Partner Success org chart

The reason for the Partner Success team to be part of the Customer Success division is mainly the similarities between their functions, especially their targets. While Partner Success Managers have to understand the specifics of a partner organization and the unique needs of partners, the nature of things they have to deal with is often very similar to those of Customer Success Managers. The overlap is significant, and in hindsight, it was an excellent decision to keep both teams close to each other. The collaboration between the Partner Sales and Partner Success Managers is equally essential. Both functions are interdependent, which our section on Lessons Learned will show.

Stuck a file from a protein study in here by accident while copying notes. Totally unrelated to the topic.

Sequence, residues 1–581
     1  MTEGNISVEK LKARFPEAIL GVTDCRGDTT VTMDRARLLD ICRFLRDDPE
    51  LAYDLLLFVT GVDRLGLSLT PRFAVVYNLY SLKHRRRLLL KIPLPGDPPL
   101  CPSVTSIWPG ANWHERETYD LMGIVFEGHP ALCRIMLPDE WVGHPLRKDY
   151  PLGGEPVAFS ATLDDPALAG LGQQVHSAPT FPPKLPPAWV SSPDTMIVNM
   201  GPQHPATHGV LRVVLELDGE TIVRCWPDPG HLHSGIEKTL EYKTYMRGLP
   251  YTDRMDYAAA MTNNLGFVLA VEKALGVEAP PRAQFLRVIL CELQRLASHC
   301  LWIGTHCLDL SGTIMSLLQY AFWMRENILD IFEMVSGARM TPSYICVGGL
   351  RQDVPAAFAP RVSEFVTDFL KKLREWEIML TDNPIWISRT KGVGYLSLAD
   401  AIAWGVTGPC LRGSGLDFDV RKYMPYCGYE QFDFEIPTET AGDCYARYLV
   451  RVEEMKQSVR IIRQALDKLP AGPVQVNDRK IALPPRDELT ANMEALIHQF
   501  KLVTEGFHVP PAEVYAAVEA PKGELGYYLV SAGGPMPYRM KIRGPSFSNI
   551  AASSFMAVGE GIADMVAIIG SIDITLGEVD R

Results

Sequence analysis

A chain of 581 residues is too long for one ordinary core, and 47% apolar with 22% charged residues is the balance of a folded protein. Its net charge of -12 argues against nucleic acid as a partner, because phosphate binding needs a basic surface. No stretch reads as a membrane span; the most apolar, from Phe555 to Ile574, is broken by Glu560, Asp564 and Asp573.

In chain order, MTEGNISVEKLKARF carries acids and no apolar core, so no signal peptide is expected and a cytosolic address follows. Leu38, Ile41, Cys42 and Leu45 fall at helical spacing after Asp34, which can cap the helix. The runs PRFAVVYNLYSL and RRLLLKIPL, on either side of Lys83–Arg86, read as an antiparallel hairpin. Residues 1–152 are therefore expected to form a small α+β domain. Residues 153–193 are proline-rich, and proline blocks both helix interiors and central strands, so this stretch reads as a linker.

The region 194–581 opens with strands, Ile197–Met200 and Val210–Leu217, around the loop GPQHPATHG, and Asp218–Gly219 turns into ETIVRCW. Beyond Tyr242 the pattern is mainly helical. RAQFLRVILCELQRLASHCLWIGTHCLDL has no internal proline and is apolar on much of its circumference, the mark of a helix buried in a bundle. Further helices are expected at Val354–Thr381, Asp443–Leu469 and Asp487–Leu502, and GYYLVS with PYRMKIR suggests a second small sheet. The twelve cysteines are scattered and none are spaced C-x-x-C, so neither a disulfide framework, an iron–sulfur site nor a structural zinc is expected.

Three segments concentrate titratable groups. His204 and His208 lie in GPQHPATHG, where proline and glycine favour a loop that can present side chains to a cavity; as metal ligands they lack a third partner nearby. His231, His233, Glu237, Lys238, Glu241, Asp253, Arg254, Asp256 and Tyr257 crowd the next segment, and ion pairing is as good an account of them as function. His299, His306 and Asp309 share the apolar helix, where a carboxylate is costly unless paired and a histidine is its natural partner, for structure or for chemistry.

Top 3 Lessons from the experience of building Partner Success

Lesson 1: Connect the dots of your partner journey to create a unique and consistent partner experience

Implementing our Partner Success Team within the Success organization, as described above, has significant benefits for partner and customer success. As expected, completing the triangle between customer, partner, and vendor leads to a rapid decrease in escalations and support cases. We could identify issues earlier and solve them before they got complicated.

On the other hand, this structure resulted in a fragmented partner journey, as a collaboration between partner sales and partner success was not enforced “by design”. Balls got dropped due to unclear responsibilities, communication overlapped, and growing dissatisfaction in the teams were only some of the effects.

Connecting the dots of Partner Success